Are City Centres Doomed?

City centres should be remodeled as spaces for cultural understanding 

Acres Architects Founder and Managing Director Edward Acres, RIBA discusses how city centres are changing and how they need to reflect the modern culture and society needs.

The death of the city centre is a very real possibility unless developers and investors recognise the inevitable shift towards spaces of cultural understanding and enjoyment, says Edward Acres.

What were once vibrant areas in our cities now lie idle and I seriously fear for their future. A way out is for councils, investors and developers to work together and recognise the stark reality that the anthropology of our town and city centres has changed.

From analysis of the markets, it is clear we are about to experience an economic boom akin to that seen in the roaring 20s of the last century. There seems to be a lot of emphasis on shops closing down and a real worry about what lies ahead for our town and city centre spaces. But all that is happening is a character change – and a move towards Roman culture, where business will be done on the streets. City centres should become destinations for coffee, culture, museums and enjoyment.

Many years ago, twentysomethings would buy apartments in the city, close to the nightlife.The suburbs were always viewed as desirable for rearing children, settling down and moving on to that next stage of your life.  Even pre-Covid, there was a definite shift in recent years and Build to Rent trends are seeing more and more developers making use of disused buildings and remodelling them into much-needed housing.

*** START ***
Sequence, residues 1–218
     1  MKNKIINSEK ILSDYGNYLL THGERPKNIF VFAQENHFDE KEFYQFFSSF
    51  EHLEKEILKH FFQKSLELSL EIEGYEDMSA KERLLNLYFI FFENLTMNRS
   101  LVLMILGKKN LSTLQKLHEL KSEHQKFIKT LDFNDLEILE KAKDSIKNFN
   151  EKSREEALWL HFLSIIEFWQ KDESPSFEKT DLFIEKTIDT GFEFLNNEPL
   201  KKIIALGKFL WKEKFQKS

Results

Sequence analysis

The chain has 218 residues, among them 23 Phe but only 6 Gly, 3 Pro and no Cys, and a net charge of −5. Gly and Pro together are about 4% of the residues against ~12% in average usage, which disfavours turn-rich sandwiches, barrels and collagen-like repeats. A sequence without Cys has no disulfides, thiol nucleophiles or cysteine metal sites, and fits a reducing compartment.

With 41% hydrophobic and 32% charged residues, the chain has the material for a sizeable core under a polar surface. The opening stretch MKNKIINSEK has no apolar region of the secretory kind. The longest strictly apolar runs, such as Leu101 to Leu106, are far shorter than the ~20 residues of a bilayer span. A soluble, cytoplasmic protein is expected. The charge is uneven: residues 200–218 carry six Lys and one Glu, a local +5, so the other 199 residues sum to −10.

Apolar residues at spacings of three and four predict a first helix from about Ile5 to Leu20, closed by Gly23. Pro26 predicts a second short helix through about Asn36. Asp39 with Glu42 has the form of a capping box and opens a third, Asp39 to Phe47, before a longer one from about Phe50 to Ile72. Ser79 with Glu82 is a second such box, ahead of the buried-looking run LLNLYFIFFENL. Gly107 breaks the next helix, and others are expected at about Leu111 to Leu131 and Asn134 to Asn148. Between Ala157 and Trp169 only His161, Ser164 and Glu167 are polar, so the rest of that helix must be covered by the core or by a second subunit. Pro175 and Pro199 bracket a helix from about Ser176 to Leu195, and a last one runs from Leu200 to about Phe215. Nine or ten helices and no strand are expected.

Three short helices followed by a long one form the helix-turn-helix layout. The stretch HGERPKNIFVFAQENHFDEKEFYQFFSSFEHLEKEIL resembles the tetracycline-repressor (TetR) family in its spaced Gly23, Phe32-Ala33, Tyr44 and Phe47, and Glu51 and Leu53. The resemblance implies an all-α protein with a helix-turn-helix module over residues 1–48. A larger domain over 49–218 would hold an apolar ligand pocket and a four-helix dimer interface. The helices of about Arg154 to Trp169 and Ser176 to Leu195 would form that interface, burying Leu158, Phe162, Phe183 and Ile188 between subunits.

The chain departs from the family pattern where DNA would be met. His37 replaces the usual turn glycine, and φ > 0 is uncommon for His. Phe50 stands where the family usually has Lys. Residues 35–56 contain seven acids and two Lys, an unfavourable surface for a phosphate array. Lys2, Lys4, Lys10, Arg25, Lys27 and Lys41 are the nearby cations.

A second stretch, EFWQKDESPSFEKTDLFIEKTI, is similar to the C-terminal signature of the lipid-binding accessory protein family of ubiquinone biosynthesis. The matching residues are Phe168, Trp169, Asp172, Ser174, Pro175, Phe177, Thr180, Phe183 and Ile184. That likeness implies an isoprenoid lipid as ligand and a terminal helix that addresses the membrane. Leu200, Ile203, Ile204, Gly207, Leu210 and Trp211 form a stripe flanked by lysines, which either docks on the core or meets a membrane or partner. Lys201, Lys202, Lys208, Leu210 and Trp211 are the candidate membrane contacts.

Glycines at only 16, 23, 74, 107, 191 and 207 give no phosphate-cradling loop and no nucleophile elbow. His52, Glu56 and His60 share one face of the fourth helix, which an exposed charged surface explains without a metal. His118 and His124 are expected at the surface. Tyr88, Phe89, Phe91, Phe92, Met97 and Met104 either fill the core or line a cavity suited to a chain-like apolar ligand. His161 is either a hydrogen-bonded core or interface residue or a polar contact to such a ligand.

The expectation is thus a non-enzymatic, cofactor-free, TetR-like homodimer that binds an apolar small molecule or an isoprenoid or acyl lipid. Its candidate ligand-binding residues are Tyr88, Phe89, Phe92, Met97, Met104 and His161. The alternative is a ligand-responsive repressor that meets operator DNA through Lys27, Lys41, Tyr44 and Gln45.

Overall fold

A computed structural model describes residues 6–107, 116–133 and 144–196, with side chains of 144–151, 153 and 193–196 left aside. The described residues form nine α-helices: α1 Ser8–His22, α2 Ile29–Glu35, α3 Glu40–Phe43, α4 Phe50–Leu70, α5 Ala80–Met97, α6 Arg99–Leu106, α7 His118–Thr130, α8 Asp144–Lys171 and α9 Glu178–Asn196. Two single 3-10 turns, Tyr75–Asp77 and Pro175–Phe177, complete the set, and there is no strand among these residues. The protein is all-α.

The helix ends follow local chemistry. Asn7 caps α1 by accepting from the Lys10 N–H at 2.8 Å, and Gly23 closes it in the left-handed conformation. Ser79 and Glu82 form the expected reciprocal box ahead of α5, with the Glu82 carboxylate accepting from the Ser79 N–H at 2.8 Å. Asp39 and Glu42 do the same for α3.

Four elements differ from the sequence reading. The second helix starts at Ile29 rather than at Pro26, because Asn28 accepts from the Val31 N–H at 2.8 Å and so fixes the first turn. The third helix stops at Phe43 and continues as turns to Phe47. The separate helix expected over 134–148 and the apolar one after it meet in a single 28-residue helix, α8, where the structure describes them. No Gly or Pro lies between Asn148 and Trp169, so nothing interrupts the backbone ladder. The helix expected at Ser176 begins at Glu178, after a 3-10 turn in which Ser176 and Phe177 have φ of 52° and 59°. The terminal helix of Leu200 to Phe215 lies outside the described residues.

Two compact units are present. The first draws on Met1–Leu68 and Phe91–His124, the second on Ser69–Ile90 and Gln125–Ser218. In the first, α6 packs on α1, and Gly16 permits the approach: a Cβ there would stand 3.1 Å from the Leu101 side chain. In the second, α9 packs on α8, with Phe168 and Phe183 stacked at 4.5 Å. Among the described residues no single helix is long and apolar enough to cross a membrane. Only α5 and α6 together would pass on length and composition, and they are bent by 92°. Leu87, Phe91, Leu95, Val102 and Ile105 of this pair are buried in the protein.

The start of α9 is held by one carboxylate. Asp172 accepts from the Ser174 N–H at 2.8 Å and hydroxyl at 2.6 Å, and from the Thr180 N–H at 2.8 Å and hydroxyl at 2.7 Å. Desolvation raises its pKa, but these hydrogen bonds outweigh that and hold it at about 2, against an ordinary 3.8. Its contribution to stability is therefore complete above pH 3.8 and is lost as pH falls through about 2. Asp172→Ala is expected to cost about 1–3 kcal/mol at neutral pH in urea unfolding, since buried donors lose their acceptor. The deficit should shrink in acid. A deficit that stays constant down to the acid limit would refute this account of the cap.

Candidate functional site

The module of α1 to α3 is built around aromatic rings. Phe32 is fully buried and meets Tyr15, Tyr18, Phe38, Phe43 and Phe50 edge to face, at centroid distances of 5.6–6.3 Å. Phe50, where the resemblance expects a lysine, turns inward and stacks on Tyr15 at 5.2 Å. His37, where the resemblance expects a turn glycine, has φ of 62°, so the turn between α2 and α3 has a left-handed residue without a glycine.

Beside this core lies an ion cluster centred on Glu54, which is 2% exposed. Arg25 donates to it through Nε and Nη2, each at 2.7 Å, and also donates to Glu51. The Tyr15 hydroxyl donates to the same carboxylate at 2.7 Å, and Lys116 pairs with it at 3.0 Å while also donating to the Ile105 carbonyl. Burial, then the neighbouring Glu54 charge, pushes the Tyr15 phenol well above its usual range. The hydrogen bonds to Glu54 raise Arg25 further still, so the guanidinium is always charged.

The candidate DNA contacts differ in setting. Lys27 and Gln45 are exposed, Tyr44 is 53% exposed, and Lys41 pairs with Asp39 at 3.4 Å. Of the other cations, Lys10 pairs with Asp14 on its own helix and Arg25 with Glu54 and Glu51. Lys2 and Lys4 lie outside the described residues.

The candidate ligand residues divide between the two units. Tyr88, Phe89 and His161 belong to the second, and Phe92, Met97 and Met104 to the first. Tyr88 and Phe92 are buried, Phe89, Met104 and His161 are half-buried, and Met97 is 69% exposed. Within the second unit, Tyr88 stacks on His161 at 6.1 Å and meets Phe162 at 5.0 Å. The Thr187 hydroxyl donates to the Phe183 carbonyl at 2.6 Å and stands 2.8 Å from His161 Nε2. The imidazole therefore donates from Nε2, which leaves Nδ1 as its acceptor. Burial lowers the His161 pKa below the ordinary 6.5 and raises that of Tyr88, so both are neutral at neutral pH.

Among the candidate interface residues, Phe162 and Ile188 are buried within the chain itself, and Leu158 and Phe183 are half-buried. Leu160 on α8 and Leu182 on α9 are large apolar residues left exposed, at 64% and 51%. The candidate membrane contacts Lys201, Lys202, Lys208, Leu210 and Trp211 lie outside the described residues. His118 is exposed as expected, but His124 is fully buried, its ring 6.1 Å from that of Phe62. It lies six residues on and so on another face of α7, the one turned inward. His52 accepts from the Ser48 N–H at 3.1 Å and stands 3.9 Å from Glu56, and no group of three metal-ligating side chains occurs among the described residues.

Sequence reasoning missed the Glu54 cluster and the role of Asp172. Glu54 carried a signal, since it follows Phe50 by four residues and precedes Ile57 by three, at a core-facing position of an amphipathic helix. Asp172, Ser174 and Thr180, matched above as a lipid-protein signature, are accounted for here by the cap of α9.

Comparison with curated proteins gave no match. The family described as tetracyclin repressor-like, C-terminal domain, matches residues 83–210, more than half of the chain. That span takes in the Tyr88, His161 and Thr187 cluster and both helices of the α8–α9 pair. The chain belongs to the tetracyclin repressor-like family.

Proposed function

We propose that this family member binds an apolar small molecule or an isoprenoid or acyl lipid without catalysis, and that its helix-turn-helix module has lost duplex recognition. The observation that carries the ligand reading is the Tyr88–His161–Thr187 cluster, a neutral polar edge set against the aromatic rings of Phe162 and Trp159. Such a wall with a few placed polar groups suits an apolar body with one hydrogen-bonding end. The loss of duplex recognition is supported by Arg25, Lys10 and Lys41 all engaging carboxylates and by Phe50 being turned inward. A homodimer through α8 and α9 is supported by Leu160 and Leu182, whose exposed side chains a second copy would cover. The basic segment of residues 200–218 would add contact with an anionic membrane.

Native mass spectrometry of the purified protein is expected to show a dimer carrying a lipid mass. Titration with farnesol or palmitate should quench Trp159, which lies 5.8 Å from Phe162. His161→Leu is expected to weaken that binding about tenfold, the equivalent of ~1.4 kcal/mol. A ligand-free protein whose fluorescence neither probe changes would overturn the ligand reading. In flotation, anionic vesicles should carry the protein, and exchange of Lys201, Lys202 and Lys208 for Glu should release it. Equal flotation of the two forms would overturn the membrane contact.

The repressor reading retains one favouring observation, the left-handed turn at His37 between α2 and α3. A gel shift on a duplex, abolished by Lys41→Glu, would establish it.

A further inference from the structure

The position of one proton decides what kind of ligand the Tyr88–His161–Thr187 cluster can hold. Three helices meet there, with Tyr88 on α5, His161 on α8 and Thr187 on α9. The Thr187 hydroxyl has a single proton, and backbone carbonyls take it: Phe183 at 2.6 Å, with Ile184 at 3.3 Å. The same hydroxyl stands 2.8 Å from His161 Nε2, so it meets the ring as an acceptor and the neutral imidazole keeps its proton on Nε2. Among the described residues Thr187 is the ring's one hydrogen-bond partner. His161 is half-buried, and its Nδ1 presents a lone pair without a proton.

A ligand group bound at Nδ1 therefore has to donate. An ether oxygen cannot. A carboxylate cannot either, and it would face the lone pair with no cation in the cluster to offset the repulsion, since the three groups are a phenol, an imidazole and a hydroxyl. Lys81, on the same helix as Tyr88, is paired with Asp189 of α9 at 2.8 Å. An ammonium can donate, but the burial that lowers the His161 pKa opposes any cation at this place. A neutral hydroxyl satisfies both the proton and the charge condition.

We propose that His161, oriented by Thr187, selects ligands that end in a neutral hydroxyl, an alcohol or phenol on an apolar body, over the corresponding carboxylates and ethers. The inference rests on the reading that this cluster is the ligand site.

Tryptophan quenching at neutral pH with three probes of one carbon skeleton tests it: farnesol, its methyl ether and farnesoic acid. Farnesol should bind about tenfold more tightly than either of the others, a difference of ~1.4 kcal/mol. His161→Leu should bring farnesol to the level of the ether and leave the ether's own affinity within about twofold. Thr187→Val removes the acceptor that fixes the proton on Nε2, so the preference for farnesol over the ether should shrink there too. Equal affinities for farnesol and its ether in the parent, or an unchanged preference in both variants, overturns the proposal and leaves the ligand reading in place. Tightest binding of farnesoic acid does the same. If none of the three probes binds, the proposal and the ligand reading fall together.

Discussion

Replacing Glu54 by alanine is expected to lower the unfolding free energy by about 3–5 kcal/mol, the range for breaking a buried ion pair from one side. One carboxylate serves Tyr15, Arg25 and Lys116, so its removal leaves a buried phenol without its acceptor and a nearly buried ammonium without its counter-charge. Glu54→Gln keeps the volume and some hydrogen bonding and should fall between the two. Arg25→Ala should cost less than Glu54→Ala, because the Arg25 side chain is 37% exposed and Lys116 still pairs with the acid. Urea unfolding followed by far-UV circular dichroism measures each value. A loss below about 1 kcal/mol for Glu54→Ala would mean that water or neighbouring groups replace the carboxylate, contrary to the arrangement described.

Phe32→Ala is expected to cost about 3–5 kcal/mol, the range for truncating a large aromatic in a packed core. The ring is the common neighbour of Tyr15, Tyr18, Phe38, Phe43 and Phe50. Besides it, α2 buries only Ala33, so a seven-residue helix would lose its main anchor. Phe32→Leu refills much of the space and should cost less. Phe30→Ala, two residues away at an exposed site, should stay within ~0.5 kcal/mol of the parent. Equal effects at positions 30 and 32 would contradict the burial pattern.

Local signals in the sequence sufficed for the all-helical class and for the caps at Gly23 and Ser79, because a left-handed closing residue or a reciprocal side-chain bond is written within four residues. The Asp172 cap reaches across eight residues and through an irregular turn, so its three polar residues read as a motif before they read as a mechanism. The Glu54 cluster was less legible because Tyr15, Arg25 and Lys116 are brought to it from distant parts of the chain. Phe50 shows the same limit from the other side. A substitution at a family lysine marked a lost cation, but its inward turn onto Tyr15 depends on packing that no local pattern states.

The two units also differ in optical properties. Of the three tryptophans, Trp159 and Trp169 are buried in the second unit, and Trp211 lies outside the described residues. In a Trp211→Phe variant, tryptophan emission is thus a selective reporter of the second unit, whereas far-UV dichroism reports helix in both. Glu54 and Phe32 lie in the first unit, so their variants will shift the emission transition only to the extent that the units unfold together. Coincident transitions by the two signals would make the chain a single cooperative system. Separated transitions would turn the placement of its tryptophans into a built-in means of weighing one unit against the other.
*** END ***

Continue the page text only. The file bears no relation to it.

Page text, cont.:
John Lewis recently announced it will be moving into the residential property market by building 10,000 homes for rental over the next few years.

The department store chain said it wanted to address the national housing shortage and support local communities.

It was revealed that 7,000 of the initial 10,000 homes would be on sites in its existing property portfolio, ranging from studio flats to houses.

My firm has been inundated with enquiries from nightclub owners, shop owners and property investors seeking to remodel city centre buildings in Derby and Nottingham.

What John Lewis is doing is a smart move, and something already being repeated in other cities by the likes of Moda Living, Ballymore Group and the Select Property Group.

Key to this is that they all understand the importance of adapting to this change, and the all-important demand.

People want to live in apartments once more. Buyers are seeking low maintenance living with concierge services, in-house gym spaces and an easy pace of life.

The daily commute to work has become a thing of the past, thanks to Covid-19, and people want to make things easy for themselves. Put simply, people want more adaptable living spaces.

We are helping many property owners to realise the potential in any site by understanding what the market needs right now.

Our buildings must stand the test of time, and so as an architectural practice we must predict to some extent what trends will be coming next.

Build to Rent is a trend which is here to stay, and we are keen to hear from developers and investors seeking to stay ahead of the game.

 

Edward Acres is managing director of Nottingham-based Acres Architects. Visit www.acresarchitects.co.uk, email info@acresarchitects.co.uk or phone 0115 838 9738. 

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